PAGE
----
Grilled Hoisin-Garlic Shrimp

  • Grilled Hoisin-Garlic Shrimp is even better with a finishing touch of butter and lemon.

    Grilled Hoisin-Garlic Shrimp is even better with a finishing touch of butter and lemon. Stacy Zarin Goldberg for The Washington Post

  • There is no need to presoak skewers for Grilled Hoisin-Garlic Shrimp. You thread shrimp in place and then soak the entire skewer in the marinade.

    There is no need to presoak skewers for Grilled Hoisin-Garlic Shrimp. You thread shrimp in place and then soak the entire skewer in the marinade. Stacy Zarin Goldberg for The Washington Post

 
By Bonnie S. Benwick
The Washington Post

This preparation reminds me that even the simplest recipe can provide a cooking lesson or two. To wit:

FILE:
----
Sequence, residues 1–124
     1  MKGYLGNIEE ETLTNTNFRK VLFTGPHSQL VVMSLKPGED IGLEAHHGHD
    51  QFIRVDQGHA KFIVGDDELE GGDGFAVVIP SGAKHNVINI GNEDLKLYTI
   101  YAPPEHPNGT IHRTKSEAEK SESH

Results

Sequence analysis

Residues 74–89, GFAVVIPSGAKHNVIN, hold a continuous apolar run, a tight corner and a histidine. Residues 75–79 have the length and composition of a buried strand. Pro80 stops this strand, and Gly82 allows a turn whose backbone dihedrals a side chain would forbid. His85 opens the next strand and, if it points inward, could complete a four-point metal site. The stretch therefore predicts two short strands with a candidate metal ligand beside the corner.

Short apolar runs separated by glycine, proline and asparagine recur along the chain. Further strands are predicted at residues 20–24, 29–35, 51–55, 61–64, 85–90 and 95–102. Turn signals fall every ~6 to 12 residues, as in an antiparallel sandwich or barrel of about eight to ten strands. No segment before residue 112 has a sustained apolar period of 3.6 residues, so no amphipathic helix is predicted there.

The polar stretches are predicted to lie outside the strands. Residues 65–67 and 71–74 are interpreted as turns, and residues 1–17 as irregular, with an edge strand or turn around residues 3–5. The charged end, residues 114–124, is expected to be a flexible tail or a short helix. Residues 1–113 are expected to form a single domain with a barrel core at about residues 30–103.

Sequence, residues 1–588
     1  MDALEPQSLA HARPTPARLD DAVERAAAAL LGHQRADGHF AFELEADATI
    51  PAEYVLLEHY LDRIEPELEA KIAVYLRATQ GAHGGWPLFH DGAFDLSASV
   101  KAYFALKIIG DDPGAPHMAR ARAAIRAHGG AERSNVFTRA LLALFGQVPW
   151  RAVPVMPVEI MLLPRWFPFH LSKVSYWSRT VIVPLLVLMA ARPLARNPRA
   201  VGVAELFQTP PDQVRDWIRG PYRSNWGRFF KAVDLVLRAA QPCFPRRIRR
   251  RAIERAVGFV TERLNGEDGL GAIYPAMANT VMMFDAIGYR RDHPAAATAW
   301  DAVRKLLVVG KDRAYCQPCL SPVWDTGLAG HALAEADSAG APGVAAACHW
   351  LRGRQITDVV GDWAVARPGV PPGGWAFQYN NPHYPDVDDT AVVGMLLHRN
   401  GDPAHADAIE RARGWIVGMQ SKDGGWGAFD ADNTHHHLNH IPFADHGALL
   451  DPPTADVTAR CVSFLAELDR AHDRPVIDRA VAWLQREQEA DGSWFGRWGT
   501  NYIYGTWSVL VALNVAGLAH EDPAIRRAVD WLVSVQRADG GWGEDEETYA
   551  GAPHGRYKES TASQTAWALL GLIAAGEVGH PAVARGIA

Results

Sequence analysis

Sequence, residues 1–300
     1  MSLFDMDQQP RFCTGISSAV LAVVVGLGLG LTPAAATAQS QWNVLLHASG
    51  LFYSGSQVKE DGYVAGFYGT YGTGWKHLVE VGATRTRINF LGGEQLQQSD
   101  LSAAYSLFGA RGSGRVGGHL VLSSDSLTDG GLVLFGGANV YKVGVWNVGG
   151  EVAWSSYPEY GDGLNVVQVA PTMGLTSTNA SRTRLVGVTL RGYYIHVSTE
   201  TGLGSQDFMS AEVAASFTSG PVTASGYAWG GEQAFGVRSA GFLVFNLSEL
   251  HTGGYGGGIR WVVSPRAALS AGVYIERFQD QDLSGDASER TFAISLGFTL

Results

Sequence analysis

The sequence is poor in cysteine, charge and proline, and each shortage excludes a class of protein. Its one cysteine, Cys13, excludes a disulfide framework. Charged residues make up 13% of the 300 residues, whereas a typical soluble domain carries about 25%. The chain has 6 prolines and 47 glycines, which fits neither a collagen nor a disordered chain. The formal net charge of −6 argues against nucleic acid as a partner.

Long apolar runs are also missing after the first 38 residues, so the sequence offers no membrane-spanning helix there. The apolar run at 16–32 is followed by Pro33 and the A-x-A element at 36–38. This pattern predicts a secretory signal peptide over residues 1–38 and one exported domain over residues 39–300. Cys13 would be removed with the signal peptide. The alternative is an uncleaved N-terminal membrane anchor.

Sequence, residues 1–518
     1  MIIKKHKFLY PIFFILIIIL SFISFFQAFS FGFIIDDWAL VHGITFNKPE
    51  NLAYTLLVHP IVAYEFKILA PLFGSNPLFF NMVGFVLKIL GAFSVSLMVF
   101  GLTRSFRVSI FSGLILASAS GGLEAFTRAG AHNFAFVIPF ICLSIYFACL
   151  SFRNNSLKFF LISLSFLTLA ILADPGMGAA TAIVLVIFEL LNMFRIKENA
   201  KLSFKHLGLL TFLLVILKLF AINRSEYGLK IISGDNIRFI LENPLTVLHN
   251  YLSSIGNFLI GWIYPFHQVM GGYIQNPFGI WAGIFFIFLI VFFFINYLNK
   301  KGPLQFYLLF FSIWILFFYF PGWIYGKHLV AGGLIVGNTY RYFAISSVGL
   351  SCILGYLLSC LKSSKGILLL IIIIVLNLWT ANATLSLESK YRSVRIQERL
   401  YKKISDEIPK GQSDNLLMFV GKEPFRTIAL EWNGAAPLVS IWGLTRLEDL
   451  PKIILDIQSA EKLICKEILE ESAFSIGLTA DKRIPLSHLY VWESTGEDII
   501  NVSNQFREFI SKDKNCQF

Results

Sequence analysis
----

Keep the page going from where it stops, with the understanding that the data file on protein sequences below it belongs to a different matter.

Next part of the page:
1. There's more than one way to skewer shrimp, and the one I'm keen on lately involves a vertical, top-to-tail run-through. The flesh is evenly exposed to the heat and the chance of overcooking is reduced. Bonus: The technique is visually interesting.

2. For the grill or grill pan, choose shrimp on the large side; 16-20 count works for me. Normally, I'd take off the tails, but in this case they help keep the shrimp intact for eating by hand.

3. You can skip the soaking step for bamboo skewers when you thread the shrimp pre-marinade. The skewers will get sufficiently moistened to keep them from burning.

4. Hoisin sauce is a great and versatile pantry ingredient, offering timesaving, salty-sweet, umami power. An opened jar can be refrigerated for up to a year, and a modest amount is all it takes here.

5. A finishing touch of melted butter makes these grilled shrimp taste even better. Why limit the brushing technique to biscuits?

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